Lamm remains a gem among low-level filth.

Silver Crusade

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My ranger convinced the gator to eat him, no fight at all.

He goes down to the docks to drink with him every now and then.


2 people marked this as a favorite.
Rysky wrote:
My ranger convinced the gator to eat him, no fight at all.

Appropriate victory is appropriate. :D

Shadow Lodge

Writing my own "class recommendations" for those classes "missing" from the original Players Guide was one of the first things I did after reading the AP when starting my own CotCT(now three years in). What follows is a massive listing sans Libre Office checking so sorry about any typos.

Spoiler:
Sorcerer: Korvosa is a well-known cultural and racial hotspot, with ties to many distant disasters and cataclysms, so naturally some sorcerous heritages dominate the cityscape. Players interested in fitting their characters to the themes of the campaign or just coming up with a distinctly Korvosan sorcerer might consider such bloodlines as arcane, infernal and undead from the Core rulebook; dreamspun and shadow from APG and maestro, rakshasha as well the sanguine (undead alternate bloodline) from Ultimate Magic.

Alchemist: The urban cityscape of Korvosa has many opportunities in store for the academically minded and practitioners of the profession of alchemy are no exception. While Academae offers very little for the discerning alchemist, various chymists' shoppes, breweries, distilleries and small gatherings of intelligentsia dot the streets of Korvosa. Some alchemists arrive to discern and distill the beat of the citys strange streets, others are naturally drawn to the various diseases that periodically lay waste to poor quarters of Korvosa while yet others seek transformative agents to wipe away their grim memories or to remedy their twisted bodies. Players might consider the chirurgeon, mindchemist and vivisectionist archetypes from Ultimate Magic as well the following discoveries dispelling bomb, poison bomb(APG), mummification and sunlight bomb (UM).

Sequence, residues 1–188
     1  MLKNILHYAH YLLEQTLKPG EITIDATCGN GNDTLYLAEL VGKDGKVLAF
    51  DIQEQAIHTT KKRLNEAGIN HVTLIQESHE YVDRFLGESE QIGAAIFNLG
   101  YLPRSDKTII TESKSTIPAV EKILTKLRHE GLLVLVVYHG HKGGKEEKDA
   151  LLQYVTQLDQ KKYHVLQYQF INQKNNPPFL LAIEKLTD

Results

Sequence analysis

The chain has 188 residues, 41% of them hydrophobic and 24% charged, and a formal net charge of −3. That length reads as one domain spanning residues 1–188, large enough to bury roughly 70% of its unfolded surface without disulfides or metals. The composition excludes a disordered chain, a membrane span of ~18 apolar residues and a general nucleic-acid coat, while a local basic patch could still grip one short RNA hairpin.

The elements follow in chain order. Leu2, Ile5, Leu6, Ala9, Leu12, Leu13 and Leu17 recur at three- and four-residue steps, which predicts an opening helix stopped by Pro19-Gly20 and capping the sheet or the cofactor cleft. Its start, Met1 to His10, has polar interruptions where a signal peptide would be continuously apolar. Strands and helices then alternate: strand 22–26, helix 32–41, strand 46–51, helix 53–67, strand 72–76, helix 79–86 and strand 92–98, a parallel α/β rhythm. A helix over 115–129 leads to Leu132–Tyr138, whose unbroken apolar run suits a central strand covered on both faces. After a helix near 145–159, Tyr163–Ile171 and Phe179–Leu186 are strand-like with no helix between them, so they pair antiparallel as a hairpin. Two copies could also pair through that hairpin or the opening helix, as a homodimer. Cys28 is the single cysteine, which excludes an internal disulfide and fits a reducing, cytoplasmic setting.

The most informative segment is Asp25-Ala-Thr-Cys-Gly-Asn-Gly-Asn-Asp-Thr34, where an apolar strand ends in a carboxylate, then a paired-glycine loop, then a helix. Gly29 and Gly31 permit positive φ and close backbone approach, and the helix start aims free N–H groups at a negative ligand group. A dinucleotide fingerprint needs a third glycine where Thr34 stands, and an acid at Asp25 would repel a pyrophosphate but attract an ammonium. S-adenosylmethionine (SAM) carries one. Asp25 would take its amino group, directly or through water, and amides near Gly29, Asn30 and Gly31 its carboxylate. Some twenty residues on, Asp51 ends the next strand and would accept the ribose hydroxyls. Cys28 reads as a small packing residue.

Cavalier: Far from the prestigious soldier academies of Cheliax and Taldor, many local cavaliers instead take up the mantle of the law, serving in the city guards corps or as enforcers for the local nobility or its enterprising mages, regal and unswerving in their prowess. The local members of Shoanti quah's and Varisian caravans also have their own cavaliers. While the Chelaxian populace of Korvosa might not recognize their authority, none can question their mastery of the horse and the lance. Discerning players might consider the Emissary, Standard Bearer and Tactician (UC) archetypes and the orders of the Lion, Shield and Star (APG) as well as the orders of the Blue Rose and the Tome (UC). Cavaliers of the Order of the Star should consider the deities Abadar, Asmodeus, Pharasma Sarenrae and Shelyn, all of which have a strong presence in Korvosa.

Gunslinger: The exotic secrets of black powder have by and large eluded the frontiers of Varisia, both distance and the relative modernity working against their adoption by the martial enthusiasts of the region, but that is not to say that devotees of this strange fighting style are entirely unknown in Korvosa. Many are the exotic wares carted from the cutters and brigs moored in the dockside piers and not all of them end up gathering dust in some forgotten armory: Janderhoffian engineers recognize the untapped potential of gunworks and and there are even whispers of the city guard experimenting with these new weapons. Should you wish to try your hand at gunslinging, archetypes such as Gun Tank, Musket Master and Pistolero, all from Ultimate Combat would be well worth your time.

Inquisitor: Faith is its own reward, they say. For an inquisitor this holds true, but they are prepared to take the next step and reward others with such bliss as well. Korvosa harbors many organized churches and still more lesser convents and cults. Of these those of Abadar, Asmodeus, Sarenrae and Pharasma all have the organizationional ability and resources to perform inquisitions. To be an inquisitor in Korvosa is to be a seeker of truth and justice in what one too many a bard has called a "quagmire of bureaucratic sloth and a temple to graft". More worldly types would simple call Korvosa a city far too enchanted by its own laws. From hunting illegal necromancers to raiding Cerulean society pesh dens and from championing the order of Hell to serving undercover as a diplomatic envoy, Korvosan inquisitors certainly have their hands full. Such busy types might want to adopt the Preacher and Sin Eater (UM) archetypes or the Spellbreaker and Witch Hunter (UC) archetypes.